As area municipal officials plan next year's budgets, they will have the opportunity to factor in more than $600,000 from the $204 million collected in impact fees from Marcellus shale natural gas drilling.
The Public Utilities Commission released updated figures for the fees, tentatively scheduled to be distributed at the beginning of December.
The money is collected from drilling fees levied during the first 15 years of a well's activity. The amount due for each well ranges between $5,000 and $60,000 and depends on when drilling began and the average price of natural gas.
About 22 percent of the $204 million collected is going to municipalities with wells, with another 16 percent allocated for municipalities statewide. The remainder will be divided among state programs and counties with wells.
Derry Township, which has 69 Marcellus shale gas wells, according to the Department of Environmental Protection, will receive the most because of the high number of wells within the township, said Supervisor Vince DeCario.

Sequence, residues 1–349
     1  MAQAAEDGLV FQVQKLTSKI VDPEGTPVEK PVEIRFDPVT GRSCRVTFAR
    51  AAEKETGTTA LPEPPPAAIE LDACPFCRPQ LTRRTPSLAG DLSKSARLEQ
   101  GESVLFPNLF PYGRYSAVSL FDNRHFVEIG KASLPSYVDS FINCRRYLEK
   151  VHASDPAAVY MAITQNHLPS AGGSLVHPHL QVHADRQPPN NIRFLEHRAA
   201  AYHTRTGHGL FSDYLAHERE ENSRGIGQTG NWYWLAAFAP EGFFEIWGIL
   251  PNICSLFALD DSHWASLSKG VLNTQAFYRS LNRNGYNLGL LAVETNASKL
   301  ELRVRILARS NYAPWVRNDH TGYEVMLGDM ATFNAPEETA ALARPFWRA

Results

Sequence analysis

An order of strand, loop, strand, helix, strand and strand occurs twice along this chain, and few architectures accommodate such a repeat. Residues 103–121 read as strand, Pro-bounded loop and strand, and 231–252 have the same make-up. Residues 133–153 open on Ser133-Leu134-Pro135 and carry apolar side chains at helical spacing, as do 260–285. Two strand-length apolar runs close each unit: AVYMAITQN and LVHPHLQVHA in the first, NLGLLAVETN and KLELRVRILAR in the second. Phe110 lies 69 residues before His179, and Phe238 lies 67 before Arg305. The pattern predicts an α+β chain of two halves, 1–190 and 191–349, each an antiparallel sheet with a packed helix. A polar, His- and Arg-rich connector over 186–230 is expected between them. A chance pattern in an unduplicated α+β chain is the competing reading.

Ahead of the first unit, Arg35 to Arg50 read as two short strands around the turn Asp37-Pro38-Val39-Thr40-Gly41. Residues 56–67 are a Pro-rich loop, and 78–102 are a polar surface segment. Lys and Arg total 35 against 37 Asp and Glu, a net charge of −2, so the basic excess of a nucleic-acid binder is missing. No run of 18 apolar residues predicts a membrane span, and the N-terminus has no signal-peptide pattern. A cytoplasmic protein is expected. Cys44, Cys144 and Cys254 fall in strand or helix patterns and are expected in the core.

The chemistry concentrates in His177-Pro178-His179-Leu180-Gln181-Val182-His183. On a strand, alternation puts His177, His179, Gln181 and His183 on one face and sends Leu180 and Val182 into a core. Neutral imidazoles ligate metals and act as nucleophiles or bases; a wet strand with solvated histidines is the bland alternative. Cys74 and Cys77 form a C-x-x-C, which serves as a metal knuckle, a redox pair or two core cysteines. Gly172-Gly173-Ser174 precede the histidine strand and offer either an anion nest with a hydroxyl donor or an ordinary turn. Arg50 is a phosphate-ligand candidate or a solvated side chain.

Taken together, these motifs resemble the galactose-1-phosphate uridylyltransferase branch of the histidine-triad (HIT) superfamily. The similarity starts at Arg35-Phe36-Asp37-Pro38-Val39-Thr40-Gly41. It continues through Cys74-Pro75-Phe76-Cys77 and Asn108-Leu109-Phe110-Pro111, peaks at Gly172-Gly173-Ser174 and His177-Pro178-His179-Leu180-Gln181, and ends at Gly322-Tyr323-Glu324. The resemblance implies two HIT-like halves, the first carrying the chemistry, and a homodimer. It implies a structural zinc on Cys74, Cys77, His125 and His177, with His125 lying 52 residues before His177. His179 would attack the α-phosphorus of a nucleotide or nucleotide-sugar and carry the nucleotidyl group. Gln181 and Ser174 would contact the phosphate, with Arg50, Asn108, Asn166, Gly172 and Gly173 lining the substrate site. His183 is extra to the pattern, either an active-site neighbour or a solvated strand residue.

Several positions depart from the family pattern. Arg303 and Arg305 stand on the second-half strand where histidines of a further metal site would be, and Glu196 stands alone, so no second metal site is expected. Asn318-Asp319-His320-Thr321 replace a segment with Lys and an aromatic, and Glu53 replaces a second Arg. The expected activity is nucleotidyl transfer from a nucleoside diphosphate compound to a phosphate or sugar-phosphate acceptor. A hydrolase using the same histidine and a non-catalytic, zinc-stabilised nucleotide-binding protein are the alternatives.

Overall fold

Repairing roads and bridges are a priority in most of the municipalities, including Derry Township.
"Then we'll go from there," he said, adding that some township bridges could also use improvements.
Supervisors are planning to replace the Greenville School bridge, he said.
Each year the township regularly spends between $300,000 and $400,000 on roads, DeCario said.
Unity Supervisor Michael O'Barto said the township will also put the money into paving.
"The liquid fuels money that our municipality gets is just not enough to do the work that we need to do," he said.
Roads top the list in Latrobe, where City Manager Alex Graziani said the $20,814 allocated there will be put to good use.
"We have plenty of needs related to infrastructure," he said.
Wells are not being drilled within Latrobe's borders, but trucks use city roads to travel to and from Unity and Derry townships, Graziani said.
"Certainly our community is impacted," he said. …